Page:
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Five countries, including Romania, propose a 5-pillar approach to gas and electricity prices

6 October 2021
Consumers
Energynomics

The Ministers of Economy and Finance of Spain, France, the Czech Republic, Greece and Romania propose a 5-pillar approach on gas prices and wholesale electricity prices, according to a joint statement, the Romanian Ministry of Finance announced.

The joint statement was signed by Nadia Calvino, First Vice-President and Minister of Digital Economy and Transformation of Spain, Bruno Le Maire, Minister of Economy, Finance and Recovery of France, Alena Schillerova, Minister of Finance of the Czech Republic, Christos Staikouras, Minister of Finance of Greece and Dan Vîlceanu, Romanian Minister of Finance, according to Agerpres.

In the document, ministers propose a joint approach at European level given that gas prices and wholesale electricity prices have risen dramatically in recent months.

“We propose the following approach, based on 5 pillars: First, a common approach at European level is needed. We need a set of European policy instruments to coordinate national responses, to react immediately to dramatic price increases,” specifies the quoted source.

Secondly, with regard to gas, officials propose to investigate the functioning of the European market in order to understand why the contracted quantities of gas have been insufficient.

“We should also develop common gas storage guidelines to mitigate rising prices. In addition, we should better coordinate our gas purchases to increase our bargaining power. Third, we need to reform the market. The electricity market has many advantages: it provides energy supply at all times, for all European countries, but it needs to be improved to establish a better link between the price paid by consumers and the average cost of electricity production, in the mixes. This is all the more important as decarbonisation will increase the use of electricity in the economy,” the MoF statement said.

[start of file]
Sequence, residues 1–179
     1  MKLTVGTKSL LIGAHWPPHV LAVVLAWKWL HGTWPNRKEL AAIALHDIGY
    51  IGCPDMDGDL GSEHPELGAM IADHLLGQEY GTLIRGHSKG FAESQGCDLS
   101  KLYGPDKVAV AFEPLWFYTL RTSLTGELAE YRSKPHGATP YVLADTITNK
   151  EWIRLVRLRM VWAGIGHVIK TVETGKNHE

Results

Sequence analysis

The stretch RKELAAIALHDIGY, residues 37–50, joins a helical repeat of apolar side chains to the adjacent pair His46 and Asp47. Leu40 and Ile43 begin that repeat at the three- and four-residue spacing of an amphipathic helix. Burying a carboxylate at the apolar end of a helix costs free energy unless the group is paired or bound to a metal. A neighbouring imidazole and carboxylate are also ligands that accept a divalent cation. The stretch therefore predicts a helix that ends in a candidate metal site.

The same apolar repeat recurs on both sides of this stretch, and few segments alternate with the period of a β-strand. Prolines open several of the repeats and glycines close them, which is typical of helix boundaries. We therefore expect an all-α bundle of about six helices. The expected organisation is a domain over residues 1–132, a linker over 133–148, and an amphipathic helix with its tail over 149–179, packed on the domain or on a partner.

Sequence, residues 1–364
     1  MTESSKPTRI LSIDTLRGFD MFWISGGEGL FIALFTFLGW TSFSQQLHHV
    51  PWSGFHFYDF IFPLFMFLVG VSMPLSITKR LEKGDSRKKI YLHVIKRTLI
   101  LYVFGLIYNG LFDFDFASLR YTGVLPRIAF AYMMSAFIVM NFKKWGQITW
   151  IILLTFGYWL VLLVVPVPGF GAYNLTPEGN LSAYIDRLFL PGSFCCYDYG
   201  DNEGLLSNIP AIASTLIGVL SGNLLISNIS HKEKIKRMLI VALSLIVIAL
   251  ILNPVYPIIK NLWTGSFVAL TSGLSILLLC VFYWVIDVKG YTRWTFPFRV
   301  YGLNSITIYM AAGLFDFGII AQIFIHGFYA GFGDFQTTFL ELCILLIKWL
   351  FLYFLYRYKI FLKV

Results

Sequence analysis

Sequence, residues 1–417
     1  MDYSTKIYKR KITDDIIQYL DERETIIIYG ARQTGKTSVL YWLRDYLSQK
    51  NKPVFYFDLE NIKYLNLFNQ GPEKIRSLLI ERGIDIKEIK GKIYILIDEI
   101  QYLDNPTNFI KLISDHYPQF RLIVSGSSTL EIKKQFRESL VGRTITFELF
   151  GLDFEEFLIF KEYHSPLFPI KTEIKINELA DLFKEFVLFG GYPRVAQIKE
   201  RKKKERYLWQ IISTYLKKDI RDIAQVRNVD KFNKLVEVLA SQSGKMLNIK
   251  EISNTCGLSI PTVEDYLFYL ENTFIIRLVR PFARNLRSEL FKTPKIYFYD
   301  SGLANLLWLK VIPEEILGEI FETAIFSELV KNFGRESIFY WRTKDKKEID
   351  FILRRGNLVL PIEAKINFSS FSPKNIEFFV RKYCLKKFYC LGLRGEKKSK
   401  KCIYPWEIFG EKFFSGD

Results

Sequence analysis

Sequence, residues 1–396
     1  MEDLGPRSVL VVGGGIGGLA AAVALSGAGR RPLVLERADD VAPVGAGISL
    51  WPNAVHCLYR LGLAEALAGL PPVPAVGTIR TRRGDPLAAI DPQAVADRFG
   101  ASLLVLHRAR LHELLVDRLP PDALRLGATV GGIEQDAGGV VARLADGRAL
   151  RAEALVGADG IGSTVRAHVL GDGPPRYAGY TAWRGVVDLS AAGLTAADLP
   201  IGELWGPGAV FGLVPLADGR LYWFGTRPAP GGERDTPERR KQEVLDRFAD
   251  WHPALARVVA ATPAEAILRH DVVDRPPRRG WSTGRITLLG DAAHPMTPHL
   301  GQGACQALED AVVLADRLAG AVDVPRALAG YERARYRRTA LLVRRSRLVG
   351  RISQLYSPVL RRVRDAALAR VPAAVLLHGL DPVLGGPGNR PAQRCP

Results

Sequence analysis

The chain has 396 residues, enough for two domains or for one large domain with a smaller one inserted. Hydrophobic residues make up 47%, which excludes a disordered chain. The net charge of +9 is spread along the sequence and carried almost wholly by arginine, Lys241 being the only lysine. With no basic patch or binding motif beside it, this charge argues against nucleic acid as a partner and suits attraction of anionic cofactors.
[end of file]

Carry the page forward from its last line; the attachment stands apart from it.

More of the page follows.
At the same time, the idea of focusing on achieving energy independence through investments in diversifying energy supply and reducing European dependence on gas-exporting countries as soon as possible is advanced.

Moreover, low-carbon electricity, such as biomass, wind and solar energy, will play a key role in diversifying energy supply.

“Fifth, the European Emissions Trading Scheme (ETS) is essential to set an explicit carbon price and start the energy transition. Therefore, in order to provide stakeholders, public and private, with the opportunity to to plan ahead and move investments to low-carbon activities, we need to ensure a more predictable carbon price and avoid excessive volatility,” the document said.

Autor: Energynomics

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